“He’s Just Not That Into You”
At Quality 16 and Showcase
New Line Cinema
2 out of 5 stars
The best-selling self-help book by John Gray offered neurotic singletons and couples a bit of valuable eponymous insight: “Men Are from Mars, Women Are from Venus.” The idea behind the book was that people of different genders might as well be from different planets in terms of their emotional needs. But consider this counter argument: Men and women may be planets away in terms of how they choose to communicate, but when it comes to matters of the heart, everyone is the same. Everyone is nuts.
A movie like “He’s Just Not That Into You” capitalizes on the inescapable fact that relationships bring out the inner craziness in just about everyone. After all, why deal with real messed-up relationships when a movie can depict prettier people dealing with the same shit? Inspired by a scene from a “Sex and the City” episode, the film is like “Crash” for lovers.
In the middle of it all is Gigi (Ginnifer Goodwin, TV’s “Big Love”), a 20-something who’s looking — scratch that, obsessively hunting — for love in all the wrong places. Her breakthrough revelation — some guys may “just not be that into her” — is a catalyst for the rest of the film, in which she and various other troubled lovers try to understand the gap between what is love and what is just game-playing.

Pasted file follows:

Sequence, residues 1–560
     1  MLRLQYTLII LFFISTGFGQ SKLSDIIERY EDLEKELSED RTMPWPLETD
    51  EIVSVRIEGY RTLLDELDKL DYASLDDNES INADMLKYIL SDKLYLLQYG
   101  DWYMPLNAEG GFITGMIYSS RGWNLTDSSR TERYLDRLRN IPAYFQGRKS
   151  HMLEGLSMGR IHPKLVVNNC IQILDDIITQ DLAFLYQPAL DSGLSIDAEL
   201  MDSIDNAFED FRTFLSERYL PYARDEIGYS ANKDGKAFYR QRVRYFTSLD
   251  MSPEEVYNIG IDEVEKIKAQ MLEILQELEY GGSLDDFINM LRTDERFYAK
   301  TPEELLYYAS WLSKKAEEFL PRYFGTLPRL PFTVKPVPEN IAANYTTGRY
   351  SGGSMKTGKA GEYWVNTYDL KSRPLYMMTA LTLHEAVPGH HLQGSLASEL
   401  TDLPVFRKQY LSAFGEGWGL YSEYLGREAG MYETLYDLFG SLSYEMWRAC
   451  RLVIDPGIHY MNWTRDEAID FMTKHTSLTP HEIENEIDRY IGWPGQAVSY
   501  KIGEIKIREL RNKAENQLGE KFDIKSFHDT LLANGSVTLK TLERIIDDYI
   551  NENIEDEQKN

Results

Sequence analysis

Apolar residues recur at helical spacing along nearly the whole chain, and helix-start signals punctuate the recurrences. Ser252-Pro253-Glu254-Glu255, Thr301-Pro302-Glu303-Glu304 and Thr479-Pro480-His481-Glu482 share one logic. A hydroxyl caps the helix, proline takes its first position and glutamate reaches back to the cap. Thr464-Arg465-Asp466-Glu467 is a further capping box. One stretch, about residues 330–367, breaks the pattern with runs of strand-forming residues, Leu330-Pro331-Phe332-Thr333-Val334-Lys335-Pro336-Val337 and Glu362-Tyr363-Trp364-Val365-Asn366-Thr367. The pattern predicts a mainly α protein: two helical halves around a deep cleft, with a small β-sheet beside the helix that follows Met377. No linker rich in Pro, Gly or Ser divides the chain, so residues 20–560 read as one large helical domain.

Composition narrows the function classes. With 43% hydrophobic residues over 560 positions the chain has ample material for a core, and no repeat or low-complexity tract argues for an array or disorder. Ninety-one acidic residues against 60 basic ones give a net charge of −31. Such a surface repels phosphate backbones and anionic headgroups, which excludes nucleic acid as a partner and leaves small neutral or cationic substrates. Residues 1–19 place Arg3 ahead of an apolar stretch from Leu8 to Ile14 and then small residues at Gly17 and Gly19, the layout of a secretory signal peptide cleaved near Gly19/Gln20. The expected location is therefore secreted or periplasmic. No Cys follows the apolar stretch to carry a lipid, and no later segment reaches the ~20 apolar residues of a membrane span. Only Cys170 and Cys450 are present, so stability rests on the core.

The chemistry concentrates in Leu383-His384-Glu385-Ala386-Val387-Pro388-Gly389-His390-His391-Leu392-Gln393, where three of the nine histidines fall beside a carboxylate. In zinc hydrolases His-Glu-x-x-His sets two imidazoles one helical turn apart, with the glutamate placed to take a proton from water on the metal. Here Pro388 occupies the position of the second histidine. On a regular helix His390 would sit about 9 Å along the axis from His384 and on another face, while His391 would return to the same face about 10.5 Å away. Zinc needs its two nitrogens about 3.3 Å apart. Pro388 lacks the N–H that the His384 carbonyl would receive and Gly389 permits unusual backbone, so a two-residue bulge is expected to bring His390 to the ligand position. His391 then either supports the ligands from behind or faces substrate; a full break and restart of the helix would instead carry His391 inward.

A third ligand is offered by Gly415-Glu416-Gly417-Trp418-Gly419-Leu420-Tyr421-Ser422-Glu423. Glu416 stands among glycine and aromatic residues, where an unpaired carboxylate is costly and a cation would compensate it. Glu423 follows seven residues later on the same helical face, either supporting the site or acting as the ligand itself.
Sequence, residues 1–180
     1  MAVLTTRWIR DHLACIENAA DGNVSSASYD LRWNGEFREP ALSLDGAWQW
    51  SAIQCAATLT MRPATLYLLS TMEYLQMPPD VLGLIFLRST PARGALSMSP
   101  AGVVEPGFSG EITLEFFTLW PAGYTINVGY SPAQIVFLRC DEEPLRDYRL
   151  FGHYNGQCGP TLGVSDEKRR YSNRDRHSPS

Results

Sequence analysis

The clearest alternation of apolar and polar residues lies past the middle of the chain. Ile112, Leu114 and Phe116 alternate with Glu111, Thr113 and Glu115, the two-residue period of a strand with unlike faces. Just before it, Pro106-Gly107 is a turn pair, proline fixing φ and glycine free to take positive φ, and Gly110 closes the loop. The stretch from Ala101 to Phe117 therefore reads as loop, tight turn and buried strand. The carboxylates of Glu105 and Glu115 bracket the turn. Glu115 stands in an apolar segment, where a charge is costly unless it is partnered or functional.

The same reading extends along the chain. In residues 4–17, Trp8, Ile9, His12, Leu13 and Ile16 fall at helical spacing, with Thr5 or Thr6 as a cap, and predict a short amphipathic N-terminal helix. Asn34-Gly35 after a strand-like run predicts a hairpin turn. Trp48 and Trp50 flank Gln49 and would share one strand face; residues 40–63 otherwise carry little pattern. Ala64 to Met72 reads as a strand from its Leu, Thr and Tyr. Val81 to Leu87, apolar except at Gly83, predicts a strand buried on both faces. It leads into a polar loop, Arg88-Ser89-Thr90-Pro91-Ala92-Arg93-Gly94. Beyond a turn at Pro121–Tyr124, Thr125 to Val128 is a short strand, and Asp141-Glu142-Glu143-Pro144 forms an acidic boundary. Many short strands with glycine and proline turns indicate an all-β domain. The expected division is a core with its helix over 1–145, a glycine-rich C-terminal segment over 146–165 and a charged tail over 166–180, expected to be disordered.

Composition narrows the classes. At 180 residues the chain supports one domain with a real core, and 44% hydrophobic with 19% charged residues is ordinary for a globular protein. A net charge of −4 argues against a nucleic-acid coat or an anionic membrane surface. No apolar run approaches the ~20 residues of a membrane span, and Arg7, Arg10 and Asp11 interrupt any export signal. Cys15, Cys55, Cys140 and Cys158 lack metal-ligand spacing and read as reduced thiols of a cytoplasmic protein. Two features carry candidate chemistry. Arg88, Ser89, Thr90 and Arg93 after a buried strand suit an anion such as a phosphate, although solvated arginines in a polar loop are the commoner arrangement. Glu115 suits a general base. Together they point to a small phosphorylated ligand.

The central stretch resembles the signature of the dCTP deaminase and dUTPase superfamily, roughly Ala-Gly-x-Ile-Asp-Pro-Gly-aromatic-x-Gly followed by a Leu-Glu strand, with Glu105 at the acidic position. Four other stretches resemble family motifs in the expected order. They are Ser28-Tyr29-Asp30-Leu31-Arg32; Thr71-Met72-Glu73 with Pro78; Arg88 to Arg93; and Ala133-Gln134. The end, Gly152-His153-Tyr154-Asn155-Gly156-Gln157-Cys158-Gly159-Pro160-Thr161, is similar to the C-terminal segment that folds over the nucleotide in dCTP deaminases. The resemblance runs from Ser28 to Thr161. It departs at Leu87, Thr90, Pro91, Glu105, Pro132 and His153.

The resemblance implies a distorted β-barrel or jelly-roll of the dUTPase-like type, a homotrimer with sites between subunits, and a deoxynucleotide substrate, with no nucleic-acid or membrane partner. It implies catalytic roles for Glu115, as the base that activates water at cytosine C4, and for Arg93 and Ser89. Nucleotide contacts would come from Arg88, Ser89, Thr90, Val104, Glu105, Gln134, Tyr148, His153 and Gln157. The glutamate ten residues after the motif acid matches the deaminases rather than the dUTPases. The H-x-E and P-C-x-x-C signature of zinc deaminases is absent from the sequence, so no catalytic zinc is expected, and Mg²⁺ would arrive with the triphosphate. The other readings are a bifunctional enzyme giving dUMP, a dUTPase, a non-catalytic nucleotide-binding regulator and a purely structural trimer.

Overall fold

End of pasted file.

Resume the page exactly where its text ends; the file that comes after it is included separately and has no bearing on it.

The film is wisely stacked with bold-faced, big-name stars and the charisma of actresses Drew Barrymore (“Lucky You”) and Jennifer Aniston (“Marley and Me”) makes their scenes some of the film’s more enjoyable and touching moments. Yes, the two play modified variations of the characters they always play, but they’re still charming. Less can be said for the men — they are basically props for women to project their neurotic thoughts onto. But kudos to Ben Affleck (“Smokin’ Aces”) who snagged a role that will have moviegoers — particularly females — “aww” in adoration.
“He’s Just Not That into You” also boasts a surprisingly strong plot considering its origin as a single line of dialogue uttered in a “Sex and the City” episode years ago. Nevertheless, the subject matter is still awfully cringe-worthy.
When a character lingers late after a party just to have her advances harshly rejected, the result is a train wreck: It’s difficult to watch but impossible to look away from. It’s troubling that the film uses such moments of romantic humiliation as instances of humor. Gigi’s self-delusion is played for laughs, but it’s not funny or entertaining. It’s just sad.
The real deal-breaker for the film, however, is its overall message. After her optimistic love-bubble is burst, Gigi explains to her female coworkers that she is the “rule,” not the “exception,” meaning that she, like others, will never change men into what she wants she want them to be.
But the film still finishes wrapped in a tidy bow with fairy tale endings and multiple love matches. The movie demands that reality be applied to relationships. But it also implies that a simple crossing of fingers and heartfelt wishes are enough to get that one true prince to get his ass off the couch and onto a white horse, in order to sweep his princess away. And those two qualities are at significant odds with each other.
If “He’s Just Not That Into You” is this generation’s self-help book, then everyone is in for a world of trouble. Here’s a real piece of relationship advice: If you don’t want to be forced to obsess about the ins and outs of complicated love lives, then this movie is probably not for you.